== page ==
To analyze the relationship of renal artery function at baseline with the anti-hypertensive and anti-proteinuric effects of ACEi treatment thereafter, we considered the relative changes from t = 6–8 wk (i.e., when maximum decrease in proteinuria was observed), from t = 6–10 (i.e., when maximum decrease in SBP was observed) and from t = 6–15 (i.e., the overall effect during the entire observation period) in 5/6Nx rats treated with lisinopril. Hence, changes were expressed as the percentage difference from starting values at t = 6 (see Fig. 5) and calculated as the AUC (in arbitrary units) for the selected time frames and used for univariate linear regression analysis with baseline renal artery ACh dilation (as it is reported in Fig. 2B) in the group of 5/6Nx rats treated with lisinopril. The analysis showed that the decrease in proteinuria was highly significantly correlated with baseline ACh dilation, such that individuals with smaller renal artery endothelium-dependent dilation at baseline showed a larger anti-proteinuric response to lisinopril (Fig. 6A). This seemed also true for the anti-hypertensive effect of lisinopril, but only when the longer treatment period was considered, i.e., the correlation between baseline ACh dilation and blood pressure-lowering effect of ACEi treatment was significant for the time frame t = 6–15 wk, but not for t = 6–8 and t = 6–10 (Fig. 6B).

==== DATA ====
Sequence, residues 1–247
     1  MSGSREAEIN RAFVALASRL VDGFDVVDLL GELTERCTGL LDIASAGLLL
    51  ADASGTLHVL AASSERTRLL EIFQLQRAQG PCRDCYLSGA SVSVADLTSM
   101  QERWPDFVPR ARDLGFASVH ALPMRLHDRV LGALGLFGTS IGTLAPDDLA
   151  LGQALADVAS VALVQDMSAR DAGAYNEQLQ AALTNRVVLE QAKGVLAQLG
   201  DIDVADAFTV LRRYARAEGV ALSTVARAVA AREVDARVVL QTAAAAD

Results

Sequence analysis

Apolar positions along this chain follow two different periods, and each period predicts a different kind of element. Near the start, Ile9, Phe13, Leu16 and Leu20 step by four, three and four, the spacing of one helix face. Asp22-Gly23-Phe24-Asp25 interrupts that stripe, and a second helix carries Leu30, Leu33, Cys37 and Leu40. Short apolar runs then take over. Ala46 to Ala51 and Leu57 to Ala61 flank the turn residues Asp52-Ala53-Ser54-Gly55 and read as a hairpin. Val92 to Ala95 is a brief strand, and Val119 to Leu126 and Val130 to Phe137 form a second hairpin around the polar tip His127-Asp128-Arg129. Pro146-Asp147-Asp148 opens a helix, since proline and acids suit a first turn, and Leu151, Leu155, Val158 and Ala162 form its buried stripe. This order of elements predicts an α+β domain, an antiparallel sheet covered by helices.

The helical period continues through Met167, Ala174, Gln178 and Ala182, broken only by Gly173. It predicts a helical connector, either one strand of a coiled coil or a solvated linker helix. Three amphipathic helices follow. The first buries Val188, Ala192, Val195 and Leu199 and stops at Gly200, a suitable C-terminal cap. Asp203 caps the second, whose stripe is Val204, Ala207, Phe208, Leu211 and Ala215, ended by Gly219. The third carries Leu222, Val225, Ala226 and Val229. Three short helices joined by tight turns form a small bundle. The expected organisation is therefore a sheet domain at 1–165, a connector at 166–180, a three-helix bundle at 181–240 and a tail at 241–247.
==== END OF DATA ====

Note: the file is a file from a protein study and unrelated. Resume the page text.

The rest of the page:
Here we found that normal physiological variation in renal artery endothelial vasodilatory function in otherwise healthy individuals had a predictive value for the future response to ACEi treatment with lisinopril in a setting of renal damage development (i.e., proteinuria) and hypertension following subtotal Nx in rats. The nature of the relationship between both, i.e., ACh-induced renal artery dilation at baseline negatively correlated with the decrease in proteinuria and SBP in lisinopril treated animals, suggests that individuals with decreased endothelial vasodilatory function respond better to ACEi therapy.
Development of hypertension and proteinuria following 5/6Nx.